Latest from the OpenView Team
Installing a CRM system 20 years ago took months and required significant time, resources, and commitment. But that’s all changed with the evolution of the cloud, and customers’ expectations have changed with it. Today, customers care about the service cloud-based companies provide, not the technology that drives them. And, as Firas Raouf writes in this post, unless you adapt alongside that evolution by focusing on a few key things, you might be left behind.
Your business is flat, but a $10 million VC investment would allow you to drive 350 percent growth in 2012. Unfortunately, you can’t find an investor willing to take that bet, creating a classic chicken-before-the-egg scenario. Thankfully, Ricky Pelletier writes in this post, there are some things you can do to navigate around that issue and make your business much more desirable in the eyes of VCs.
Some smaller software companies are afraid to sell to the biggest companies in their respective markets. Landing those “whales,” after all, can be high maintenance, unpredictable, distracting, and expensive. But it’s not an impossible task. In this post, Nick Petri offers four specific strategies that could help you reel in your Moby Dick, without suffering Ahab’s awful fate.
Great case studies paint a picture with words. They’re narratives that demonstrate your experience solving a specific problem, and create a framework for analyzing and resolving it. And, like any great dramatic work, they should include a protagonist, a conflict, a few plot twists and turns, and, ultimately, a memorable resolution. In this post, Kevin Cain lays out five elements that will help you capture your customers’ attention by creating more compelling case studies.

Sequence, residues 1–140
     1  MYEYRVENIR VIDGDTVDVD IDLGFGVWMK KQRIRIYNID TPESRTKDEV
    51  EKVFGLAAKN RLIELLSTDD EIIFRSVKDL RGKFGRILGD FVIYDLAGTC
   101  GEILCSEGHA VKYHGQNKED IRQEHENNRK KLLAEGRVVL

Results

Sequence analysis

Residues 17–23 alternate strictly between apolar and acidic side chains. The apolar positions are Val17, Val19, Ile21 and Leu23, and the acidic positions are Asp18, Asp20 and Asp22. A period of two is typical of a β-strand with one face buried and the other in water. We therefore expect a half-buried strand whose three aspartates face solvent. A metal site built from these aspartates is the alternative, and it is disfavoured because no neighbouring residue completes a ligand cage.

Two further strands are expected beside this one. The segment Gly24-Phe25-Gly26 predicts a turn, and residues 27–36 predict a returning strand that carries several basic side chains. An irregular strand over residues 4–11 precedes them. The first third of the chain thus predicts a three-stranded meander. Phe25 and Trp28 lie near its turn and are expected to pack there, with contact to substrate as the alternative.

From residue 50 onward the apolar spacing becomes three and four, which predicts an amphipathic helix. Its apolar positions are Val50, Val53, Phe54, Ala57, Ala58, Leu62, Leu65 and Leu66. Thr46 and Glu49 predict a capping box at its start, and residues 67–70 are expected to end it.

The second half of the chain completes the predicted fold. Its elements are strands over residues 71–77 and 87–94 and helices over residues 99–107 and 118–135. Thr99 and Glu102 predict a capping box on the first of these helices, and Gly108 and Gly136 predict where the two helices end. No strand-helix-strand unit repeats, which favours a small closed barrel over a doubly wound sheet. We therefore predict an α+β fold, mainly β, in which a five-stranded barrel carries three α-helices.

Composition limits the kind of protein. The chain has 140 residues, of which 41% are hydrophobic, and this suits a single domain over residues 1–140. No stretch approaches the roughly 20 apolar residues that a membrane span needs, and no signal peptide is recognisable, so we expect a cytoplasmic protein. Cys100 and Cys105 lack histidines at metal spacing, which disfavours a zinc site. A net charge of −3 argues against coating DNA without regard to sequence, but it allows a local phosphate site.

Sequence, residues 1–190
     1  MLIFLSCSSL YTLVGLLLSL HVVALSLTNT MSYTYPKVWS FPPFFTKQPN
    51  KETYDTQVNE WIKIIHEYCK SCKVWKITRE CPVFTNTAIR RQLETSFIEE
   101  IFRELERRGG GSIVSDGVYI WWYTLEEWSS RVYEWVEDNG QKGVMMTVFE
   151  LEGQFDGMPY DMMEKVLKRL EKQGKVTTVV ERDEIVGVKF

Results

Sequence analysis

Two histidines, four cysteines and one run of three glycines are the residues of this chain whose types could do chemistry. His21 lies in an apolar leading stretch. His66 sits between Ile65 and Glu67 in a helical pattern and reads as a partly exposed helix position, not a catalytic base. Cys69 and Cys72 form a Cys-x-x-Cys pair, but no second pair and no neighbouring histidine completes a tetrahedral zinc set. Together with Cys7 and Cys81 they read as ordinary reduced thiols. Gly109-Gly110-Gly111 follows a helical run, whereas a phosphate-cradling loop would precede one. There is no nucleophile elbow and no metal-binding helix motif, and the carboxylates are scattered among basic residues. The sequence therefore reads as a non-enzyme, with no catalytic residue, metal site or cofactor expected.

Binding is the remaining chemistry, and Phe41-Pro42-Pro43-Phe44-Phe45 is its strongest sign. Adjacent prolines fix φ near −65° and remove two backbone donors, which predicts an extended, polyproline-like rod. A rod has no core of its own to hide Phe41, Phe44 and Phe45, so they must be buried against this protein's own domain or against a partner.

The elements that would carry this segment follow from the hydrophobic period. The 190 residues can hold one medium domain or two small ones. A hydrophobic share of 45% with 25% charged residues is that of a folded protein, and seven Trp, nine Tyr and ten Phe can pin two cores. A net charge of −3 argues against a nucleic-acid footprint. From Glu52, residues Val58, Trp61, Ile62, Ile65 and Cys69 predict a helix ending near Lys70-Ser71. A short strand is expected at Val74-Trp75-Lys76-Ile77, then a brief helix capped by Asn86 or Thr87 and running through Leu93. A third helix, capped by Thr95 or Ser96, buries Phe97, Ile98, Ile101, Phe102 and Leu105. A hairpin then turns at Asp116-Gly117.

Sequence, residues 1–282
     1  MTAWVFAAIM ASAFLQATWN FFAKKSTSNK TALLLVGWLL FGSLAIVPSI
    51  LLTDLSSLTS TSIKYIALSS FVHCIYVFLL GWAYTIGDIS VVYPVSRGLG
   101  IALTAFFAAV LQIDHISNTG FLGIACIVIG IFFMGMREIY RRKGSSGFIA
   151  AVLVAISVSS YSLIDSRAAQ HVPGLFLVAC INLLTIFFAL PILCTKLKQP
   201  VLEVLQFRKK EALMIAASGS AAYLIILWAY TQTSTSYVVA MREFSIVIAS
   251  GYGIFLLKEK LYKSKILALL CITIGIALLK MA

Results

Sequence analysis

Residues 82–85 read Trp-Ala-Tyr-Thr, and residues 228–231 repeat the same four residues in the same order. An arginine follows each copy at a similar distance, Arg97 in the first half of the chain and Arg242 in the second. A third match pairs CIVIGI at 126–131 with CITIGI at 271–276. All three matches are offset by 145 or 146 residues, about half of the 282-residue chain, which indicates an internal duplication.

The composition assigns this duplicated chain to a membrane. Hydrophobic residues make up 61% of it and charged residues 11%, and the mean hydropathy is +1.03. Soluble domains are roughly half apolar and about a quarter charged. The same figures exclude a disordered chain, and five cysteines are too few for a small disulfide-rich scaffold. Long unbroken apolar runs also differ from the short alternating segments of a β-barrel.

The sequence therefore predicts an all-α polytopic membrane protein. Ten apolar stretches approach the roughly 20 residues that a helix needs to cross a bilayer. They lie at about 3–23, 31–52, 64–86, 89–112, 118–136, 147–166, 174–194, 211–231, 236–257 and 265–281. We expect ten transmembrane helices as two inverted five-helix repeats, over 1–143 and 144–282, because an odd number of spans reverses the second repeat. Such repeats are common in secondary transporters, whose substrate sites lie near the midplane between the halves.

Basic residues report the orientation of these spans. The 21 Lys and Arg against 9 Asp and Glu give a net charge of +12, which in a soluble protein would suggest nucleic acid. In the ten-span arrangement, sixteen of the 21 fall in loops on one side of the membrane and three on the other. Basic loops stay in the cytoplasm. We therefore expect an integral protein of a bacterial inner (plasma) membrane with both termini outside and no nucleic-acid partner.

Top Ideas from the Industry
When some companies experience revenue woes, their solution is to throw gobs of good cash at bad solutions that they hope may come back to life. That’s a losing strategy according to this article from the Inbound Sales Network. Instead, the best path to revenue resuscitation is to focus on the customer buying process, lead generation management, and solutions that work.
So, you’ve identified and successfully recruited a batch of new hires that you think will take your startup business to the next level. They’ve got sparking resumes and dazzling qualifications. But will they really fit into the startup world? Not everyone is cut out for it, which is why SCVNGR founder Seth Priebatsch suggests in this post that it’s critical to make sure your new employees have four specific qualities.
No one likes to be pushed around, especially if you’re a smaller startup trying to stake claim in a market full of lumbering monsters and agile predators. So, how can you fight back? In this post, Fast Company’s Kaihan Krippendorff suggests five simple tactics that will help you go head-to-head with established competitors and beat them at their own game.
When someone starts a business, “founder” is a nice, all-encompassing title that seems to sum up their jack-of-all-trades responsibility pretty well. But as a company grows and hires new employees, one of the best things a founder can do is transition into a new, more specific role. In this article for Inc.com, Avondale strategic advisors Karl Stark and Bill Stewart suggest seven specific titles those founders can choose from.